Gulf banks are expected to start growing their loan portfolios in the coming months after having experienced a severe slowdown in lending last year.  

“In the first nine months of 2009, we saw flat loan growth in the 30 Gulf banks that we rate,” says Emmanuel Volland, director of financial institutions ratings at international ratings agency Standard & Poor’s.  

Gulf banks grew increasingly cautious about loan approvals in 2009 because of tightening liquidity in the region.

According to S&P’s calculation, the average loan-to-deposit ratio was 98.4 per cent and total liquid assets were 18.1 per cent of total assets on 30 September 2009 for the entire GCC banking system, excluding Bahrain.

“But there are now some early signs that banks might be shifting towards a slightly higher appetite for lending, especially the Saudi banks,” says Volland.

“This is important as there has been concern that regional banks have shifted from very aggressive loan growth in 2008 to a point where they’ve almost stopped any new lending,” he adds.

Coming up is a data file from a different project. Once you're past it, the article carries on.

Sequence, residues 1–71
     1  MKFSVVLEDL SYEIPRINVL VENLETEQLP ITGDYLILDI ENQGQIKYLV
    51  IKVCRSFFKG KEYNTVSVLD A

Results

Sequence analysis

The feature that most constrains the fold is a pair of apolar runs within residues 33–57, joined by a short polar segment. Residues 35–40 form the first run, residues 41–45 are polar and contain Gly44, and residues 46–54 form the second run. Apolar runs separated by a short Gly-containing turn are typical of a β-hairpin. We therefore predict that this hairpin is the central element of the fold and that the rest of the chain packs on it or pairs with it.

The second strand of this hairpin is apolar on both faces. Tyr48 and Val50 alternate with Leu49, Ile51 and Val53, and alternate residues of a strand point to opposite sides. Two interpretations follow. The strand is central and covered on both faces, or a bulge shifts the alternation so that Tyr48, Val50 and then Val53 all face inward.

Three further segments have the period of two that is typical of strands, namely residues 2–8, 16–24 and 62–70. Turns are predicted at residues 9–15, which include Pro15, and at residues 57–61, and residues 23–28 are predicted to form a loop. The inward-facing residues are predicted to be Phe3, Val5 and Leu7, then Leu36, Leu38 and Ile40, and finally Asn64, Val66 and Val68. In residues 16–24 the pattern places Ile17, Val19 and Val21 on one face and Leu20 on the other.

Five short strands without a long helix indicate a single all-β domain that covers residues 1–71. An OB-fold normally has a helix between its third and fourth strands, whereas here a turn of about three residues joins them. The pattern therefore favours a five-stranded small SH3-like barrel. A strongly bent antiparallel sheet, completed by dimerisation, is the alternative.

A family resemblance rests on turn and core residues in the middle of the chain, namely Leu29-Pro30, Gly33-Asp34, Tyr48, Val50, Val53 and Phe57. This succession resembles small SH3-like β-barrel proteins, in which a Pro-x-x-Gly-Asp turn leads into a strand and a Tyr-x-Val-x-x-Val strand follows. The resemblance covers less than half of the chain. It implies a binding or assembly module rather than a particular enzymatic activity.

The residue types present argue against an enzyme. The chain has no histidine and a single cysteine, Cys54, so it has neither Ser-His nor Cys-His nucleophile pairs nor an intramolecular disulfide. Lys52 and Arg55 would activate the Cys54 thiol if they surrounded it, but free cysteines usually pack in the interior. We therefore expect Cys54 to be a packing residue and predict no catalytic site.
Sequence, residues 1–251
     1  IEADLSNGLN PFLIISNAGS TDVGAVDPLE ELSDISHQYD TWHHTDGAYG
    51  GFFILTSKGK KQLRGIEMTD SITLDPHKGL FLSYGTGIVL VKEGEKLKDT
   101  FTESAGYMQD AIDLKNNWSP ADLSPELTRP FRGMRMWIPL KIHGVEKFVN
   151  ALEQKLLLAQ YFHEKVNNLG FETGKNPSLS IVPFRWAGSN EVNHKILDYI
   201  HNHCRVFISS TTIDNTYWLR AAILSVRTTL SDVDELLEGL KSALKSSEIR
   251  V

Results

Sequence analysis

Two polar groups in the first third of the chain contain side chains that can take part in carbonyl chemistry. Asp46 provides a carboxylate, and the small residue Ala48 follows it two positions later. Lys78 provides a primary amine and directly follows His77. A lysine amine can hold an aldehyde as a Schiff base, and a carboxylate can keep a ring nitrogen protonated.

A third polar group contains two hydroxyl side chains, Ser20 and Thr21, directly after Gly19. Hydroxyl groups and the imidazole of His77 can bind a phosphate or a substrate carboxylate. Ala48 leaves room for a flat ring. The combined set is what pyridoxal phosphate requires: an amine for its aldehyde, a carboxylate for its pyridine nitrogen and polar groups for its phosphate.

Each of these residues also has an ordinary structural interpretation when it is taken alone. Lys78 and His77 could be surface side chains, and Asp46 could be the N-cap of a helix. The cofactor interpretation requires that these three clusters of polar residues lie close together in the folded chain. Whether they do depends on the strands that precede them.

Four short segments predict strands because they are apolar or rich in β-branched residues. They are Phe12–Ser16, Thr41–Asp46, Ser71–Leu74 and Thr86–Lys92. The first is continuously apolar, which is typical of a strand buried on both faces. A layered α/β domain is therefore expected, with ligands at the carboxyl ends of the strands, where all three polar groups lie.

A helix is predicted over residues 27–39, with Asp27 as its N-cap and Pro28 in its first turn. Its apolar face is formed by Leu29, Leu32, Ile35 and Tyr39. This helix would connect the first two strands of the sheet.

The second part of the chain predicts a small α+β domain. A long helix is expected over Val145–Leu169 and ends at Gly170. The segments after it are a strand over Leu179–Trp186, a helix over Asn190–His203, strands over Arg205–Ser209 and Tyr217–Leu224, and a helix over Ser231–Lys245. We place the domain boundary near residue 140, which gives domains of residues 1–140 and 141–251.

However, concerns remain over the ability of banks to increase lending activities going forward until they have boosted their deposits.

In particular, UAE banks are facing a shortage of liquidity, with the gap between overall bank loans and deposits widening to AED47.1bn ($12.8bn) in January this year from AED35.1bn in December 2009, according to data from the UAE Central Bank.     

“We might see some additional measures to try and encourage banks to increase lending, not only in liquidity injections of support, but through other incentives,” says Volland.